Missouri river at risk of drying to mere trickle

The longest river in America has been so badly affected by drought it could be unnavigable by next year
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The Independent US

Two hundred years after its source was discovered, the giant Missouri river is drying up. The longest river in the United States, long nicknamed the Big Muddy, is becoming the Big Empty.

Two hundred years after its source was discovered, the giant Missouri river is drying up. The longest river in the United States, long nicknamed the Big Muddy, is becoming the Big Empty.

Six consecutive years of drought have cut its flow by a third, crippling agriculture, denuding reservoirs and endangering shipping. By next year the giant river - described by the author Mark Twain as "too thick to drink and too thin to plough" - is expected to become unnavigable. And scientists fear that this may be only the start, as global warming takes hold of the American West, causing droughts that could last decades.

When Meriwether Lewis and William Clark struggled up the river's 2,540-mile length to reach its source, in the Rocky Mountains in Montana in 1805, they were awed by its power. Lewis wrote - with better observation than spelling - that the three tributaries that meet to form the Missouri "all run with great valocity and thow out large bodies of water".

Not now. Thirty-nine of Montana's 52 rivers arelisted as "very dry" because of the drought. The governor of Montana, Brian Schweitzer, has said that this year is expected to be even more arid than the past six years. More than 60 miles of the giant Oahe reservoir on the Missouri, 231 miles long, have dried up, with just a narrow channel where there was once a lake that was up to five miles wide. Boat ramps, meanwhile, have been left stranded a mile or so from the nearest water.

Hydroelectric power from the dams on the river has been cut by a third, and riverside coal and nuclear plants are running out of cooling water, threatening power cuts and blackouts. Farmers are having to do without water to irrigate their crops. Shipping is also beginning to shrink. The largest barge operator has not run a vessel up the river for two years because the water level is so low, and though some traffic continues, officials say it will probably have to cease altogether next year if the drought does not break.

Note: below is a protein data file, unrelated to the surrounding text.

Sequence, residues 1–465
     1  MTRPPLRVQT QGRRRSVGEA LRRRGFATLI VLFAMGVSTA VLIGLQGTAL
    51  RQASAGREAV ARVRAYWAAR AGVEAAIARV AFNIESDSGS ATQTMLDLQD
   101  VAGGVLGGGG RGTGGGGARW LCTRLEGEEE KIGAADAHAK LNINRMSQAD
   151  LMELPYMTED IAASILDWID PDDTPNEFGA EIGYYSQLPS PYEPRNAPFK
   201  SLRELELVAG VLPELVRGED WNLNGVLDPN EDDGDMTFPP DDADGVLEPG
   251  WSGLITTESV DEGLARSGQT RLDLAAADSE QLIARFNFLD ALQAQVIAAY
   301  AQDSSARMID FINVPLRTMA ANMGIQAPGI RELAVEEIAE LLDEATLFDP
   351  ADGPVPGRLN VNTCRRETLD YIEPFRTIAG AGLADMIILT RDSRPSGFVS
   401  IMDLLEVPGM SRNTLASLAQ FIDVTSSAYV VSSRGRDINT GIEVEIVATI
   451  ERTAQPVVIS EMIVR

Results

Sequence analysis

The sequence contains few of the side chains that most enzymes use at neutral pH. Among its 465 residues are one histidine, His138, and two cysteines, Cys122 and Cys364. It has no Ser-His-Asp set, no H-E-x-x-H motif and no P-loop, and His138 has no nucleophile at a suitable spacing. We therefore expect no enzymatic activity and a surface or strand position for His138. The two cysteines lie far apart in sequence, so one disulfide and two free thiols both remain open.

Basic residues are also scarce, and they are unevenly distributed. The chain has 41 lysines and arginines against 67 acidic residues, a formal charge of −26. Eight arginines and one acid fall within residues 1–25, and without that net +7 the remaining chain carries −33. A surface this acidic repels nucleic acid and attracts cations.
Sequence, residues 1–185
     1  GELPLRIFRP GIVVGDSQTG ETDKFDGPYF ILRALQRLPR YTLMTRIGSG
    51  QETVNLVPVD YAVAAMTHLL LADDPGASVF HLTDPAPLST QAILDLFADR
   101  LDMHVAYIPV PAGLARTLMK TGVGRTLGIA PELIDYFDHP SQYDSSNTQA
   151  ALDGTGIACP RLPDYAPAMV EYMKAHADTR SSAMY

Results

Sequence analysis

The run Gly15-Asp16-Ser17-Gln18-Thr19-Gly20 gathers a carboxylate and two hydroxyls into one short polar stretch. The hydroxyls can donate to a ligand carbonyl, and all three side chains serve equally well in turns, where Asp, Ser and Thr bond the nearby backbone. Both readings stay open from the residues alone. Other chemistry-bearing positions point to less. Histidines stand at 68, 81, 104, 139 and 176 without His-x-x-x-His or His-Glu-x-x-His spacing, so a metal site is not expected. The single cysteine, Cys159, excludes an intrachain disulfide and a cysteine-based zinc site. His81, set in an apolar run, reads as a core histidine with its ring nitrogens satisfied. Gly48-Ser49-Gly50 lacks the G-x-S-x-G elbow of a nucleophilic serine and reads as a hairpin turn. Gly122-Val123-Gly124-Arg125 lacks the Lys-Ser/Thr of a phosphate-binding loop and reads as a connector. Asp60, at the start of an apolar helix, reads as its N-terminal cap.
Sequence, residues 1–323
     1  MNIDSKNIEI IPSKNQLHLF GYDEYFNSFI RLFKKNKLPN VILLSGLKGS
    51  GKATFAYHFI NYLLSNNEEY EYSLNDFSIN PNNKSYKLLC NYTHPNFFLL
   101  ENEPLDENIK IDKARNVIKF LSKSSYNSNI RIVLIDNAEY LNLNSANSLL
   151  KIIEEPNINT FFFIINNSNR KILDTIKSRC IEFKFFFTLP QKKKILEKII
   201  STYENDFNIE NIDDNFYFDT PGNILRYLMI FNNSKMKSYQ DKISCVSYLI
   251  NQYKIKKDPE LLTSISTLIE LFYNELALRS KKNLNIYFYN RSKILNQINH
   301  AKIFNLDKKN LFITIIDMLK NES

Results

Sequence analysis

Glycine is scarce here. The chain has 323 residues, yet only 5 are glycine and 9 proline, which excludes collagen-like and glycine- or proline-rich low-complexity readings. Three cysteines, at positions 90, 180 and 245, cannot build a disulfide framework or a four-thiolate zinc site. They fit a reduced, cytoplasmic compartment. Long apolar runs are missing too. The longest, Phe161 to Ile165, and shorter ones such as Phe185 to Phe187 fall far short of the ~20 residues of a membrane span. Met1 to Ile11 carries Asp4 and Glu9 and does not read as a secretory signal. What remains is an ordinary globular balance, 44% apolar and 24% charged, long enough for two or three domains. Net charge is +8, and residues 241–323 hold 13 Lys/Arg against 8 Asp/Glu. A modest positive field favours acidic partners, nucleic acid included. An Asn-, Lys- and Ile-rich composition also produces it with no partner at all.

The situation has become so grave that Governor Schweitzer has asked the Pentagon to bring home some of the state's 1,500 National Guard troops from Iraq so that they will be ready to fight fires in Montana's tinder-dry forests.

But the most serious threat to the Missouri, however, is the lack of snow in the Rockies. The "snowpack" on the mountain range provides 70 per cent of the river's flow, releasing water gradually as it melts in the spring and summer. But in some places it is between a half and a quarter of its usual size; in January golfers were playing in shirtsleeves on Montana courses that are normally covered by snow until April.

Global warming is being blamed for the lack of snow, and may bring even harsher conditions in future. Studies of tree-rings in the area, stretching back 1,200 years, show that in previous warm periods, the area was hit by mega-droughts lasting 20 or 30 years at a time.

Governor Schweitzer warns that this drought is "probably going to be around for a little while". Experts increasingly fear that the Missouri - and much of the American West - may be reverting to its historic dryness, with incalculable consequences for scores of millions of the region's inhabitants.

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